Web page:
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How to Help a Child Who Has an Addiction

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One of the greatest joys in life is having children and watching them grow and mature into healthy, functioning adults. One of the greatest pains in life is watching as children struggle to find themselves. If you have a child who suffers from an addiction, you know this pain all too well. The question is, what can you do about it?

Child development

5 Tips for Parents of Addicts

Alcohol and drug addiction don’t pop up overnight or emerge in a matter of days. Addiction is the result of months and years of repeated behavior that gradually gets worse over time. Typically, it sneaks up on you. 

If you’re just becoming aware of the fact that your child has an addiction, it’s important that you respond in a calculated and sensitive manner. Here are a few suggestions:

  1. Don’t Ignore the Problem

Under no circumstances should you ignore the problem or make excuses for your child. Doing so only enables and invigorates them. And while it’s often uncomfortable to confront a child about such a serious issue, it’s what you need to do in order to help them recover and find freedom.

  1. Stop Trying to Fix it on Your Own

While it’s never a good idea to ignore an addiction, it’s also not up to you to fix it on your own. Only the addict can make the decision to change their life. Your efforts will be futile until you realize this.

“Many times, parents try to make that decision for them and it only winds up resulting in more frustration and failure,” DrugFree.org notes. “What parents can do is encourage them to seek help or treatment, and let them arrive at the decision themselves.”

In light of this, you may need to cultivate stronger levels of patience. Waiting for a child to come around can be agonizing, but it’s part of the process.

  1. Communication Frequently and Freely

Your child needs to know that you’re available to talk about anything. Even if they’re unwilling to speak to you about their addiction at the moment, you can keep the lines of communication open by discussing other topics. When they’re ready, they’ll come to you.

  1. Consider Staging an Intervention

Interventions can be highly effective and useful in situations where the addict is having trouble recognizing the extent and severity of their problems. But in order for an intervention to work, it must be strategic and intentional.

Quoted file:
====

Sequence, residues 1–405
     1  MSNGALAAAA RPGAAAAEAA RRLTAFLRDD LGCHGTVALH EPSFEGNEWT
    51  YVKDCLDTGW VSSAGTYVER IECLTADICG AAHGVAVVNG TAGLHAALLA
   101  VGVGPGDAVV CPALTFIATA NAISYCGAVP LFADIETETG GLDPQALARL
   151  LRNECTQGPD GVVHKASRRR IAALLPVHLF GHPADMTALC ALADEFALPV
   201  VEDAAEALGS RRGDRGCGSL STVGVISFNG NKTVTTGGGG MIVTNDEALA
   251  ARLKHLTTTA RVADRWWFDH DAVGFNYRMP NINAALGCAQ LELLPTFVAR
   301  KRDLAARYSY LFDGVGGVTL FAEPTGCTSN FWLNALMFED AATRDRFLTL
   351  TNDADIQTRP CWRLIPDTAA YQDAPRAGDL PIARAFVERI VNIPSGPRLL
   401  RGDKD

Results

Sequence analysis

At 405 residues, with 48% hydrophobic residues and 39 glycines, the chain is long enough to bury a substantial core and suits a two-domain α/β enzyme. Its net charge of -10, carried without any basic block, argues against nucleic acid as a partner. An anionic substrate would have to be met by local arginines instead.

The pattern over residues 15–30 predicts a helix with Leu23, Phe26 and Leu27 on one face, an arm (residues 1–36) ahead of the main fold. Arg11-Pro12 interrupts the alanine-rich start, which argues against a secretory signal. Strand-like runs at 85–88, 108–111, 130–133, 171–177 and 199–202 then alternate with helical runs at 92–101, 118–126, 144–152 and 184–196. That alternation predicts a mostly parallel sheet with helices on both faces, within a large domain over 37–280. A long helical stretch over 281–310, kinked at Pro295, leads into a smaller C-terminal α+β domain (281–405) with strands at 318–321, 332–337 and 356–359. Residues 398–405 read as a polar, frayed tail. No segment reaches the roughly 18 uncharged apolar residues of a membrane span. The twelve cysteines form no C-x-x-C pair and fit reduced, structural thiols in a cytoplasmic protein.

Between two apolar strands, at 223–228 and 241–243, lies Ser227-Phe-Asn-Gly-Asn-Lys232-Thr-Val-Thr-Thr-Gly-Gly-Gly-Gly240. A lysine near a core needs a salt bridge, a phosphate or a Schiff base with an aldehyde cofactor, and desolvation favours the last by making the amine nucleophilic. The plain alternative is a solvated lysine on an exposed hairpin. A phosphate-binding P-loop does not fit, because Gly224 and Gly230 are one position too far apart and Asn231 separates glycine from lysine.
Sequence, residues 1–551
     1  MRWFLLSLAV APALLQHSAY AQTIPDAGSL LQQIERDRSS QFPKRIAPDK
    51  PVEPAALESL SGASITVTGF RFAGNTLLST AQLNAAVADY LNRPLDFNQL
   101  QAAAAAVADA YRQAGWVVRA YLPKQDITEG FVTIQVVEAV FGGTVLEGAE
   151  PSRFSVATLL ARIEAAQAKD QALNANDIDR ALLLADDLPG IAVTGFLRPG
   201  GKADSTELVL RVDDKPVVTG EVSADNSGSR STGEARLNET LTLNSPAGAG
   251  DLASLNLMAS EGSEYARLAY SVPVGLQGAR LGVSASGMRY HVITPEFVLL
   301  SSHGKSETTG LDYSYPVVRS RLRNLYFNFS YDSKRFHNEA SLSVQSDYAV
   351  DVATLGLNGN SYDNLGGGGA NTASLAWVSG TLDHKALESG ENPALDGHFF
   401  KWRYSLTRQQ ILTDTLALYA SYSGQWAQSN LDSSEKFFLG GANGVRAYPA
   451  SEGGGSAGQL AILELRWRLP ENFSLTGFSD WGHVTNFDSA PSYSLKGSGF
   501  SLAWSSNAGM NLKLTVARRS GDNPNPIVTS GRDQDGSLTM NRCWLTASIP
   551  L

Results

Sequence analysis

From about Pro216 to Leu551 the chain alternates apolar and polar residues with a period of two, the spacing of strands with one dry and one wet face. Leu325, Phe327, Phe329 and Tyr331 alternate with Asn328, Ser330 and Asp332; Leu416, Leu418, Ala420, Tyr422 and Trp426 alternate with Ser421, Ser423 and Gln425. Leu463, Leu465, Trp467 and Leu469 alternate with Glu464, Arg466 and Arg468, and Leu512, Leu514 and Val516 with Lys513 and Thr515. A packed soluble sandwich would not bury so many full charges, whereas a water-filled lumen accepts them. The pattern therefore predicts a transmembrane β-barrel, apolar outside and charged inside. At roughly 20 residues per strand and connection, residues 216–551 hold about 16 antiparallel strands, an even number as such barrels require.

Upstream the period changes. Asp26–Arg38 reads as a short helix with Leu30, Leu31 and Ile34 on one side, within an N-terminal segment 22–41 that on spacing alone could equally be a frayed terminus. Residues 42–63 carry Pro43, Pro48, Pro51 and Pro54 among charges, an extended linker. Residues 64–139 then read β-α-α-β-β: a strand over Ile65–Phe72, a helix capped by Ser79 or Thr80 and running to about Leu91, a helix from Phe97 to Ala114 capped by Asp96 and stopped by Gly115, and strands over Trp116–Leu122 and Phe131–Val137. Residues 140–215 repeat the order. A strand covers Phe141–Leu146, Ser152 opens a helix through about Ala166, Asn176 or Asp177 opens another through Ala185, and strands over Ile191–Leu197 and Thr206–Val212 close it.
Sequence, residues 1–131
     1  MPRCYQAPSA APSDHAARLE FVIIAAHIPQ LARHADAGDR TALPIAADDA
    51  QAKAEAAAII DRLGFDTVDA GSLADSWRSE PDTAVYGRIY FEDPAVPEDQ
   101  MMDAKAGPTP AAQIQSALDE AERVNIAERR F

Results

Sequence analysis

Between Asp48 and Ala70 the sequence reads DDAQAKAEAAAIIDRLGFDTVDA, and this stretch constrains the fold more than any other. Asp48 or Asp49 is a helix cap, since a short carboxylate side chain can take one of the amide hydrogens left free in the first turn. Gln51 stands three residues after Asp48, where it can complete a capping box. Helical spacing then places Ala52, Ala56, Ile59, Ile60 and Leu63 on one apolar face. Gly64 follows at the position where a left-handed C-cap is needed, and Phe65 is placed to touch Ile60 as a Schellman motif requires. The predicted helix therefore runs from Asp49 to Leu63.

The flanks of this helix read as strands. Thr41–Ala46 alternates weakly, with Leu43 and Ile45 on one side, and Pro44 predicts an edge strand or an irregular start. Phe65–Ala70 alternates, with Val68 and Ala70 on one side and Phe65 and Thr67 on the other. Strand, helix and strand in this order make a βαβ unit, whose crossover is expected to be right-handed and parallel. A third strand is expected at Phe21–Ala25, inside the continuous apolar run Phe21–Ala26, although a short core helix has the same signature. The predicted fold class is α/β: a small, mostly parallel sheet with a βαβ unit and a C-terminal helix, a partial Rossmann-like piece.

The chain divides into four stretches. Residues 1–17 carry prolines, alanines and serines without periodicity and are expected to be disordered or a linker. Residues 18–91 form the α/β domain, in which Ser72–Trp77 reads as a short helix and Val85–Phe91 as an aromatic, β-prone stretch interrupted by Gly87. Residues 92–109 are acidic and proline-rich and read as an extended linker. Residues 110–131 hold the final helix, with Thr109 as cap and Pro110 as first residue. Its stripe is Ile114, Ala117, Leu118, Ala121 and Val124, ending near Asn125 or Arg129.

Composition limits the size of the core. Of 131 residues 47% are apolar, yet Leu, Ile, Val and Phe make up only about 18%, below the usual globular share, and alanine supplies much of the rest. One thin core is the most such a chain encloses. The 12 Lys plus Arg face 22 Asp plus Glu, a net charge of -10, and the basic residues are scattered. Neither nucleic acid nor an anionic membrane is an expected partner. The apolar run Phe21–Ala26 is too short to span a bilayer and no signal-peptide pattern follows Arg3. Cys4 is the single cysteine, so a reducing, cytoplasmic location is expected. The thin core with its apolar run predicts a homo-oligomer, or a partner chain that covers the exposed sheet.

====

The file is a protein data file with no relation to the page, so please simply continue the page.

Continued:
The process begins by forming a team to head up and carry out the intervention. This intervention team needs to be cooperative and consistent in their approach.

“Everyone who’s part of the intervention team should be on the same page about how the meeting will go,” Rehab Adviser mentions. “If anyone is argumentative or not following the plan, then they shouldn’t be included. Likewise, anyone who might make your loved one feel attacked shouldn’t be included.”

It may be a good idea to host a pre-meeting to plan and rehearse the intervention ahead of time. This allows the team to determine what order they’ll speak in, who will say what, and which tactics can be used to ensure the intervention goes as smoothly as possible. 

  1. Show Unconditional Love

As a parent, you’re called to show unconditional love to your child. Some circumstances make this easy and effortless, while other factors make it more difficult. An addiction certainly falls into the latter category.

Showing unconditional love doesn’t mean supporting your child’s negative behaviors and erratic tendencies. It means regularly expressing your love and support for your child as an individual. You can do this through both words and actions.

Never Stop Caring for Yourself

As a parent, you give everything you have to protect your child, nurture them, and ensure they have the best possible chance of being successful. But there’s only so much you can do. In order to continue pouring out, you must steadily fill yourself up.

Self-care is an important component in this equation. Take time to care for yourself physically, emotionally, spiritually, and relationally. You need to adopt behaviors and relationships that offer encouragement and nourishment so that you can provide those same things for your child. If you ever feel as if you’re being worn too thin, take a step back and regroup. Otherwise you’ll end up doing your child a disservice.

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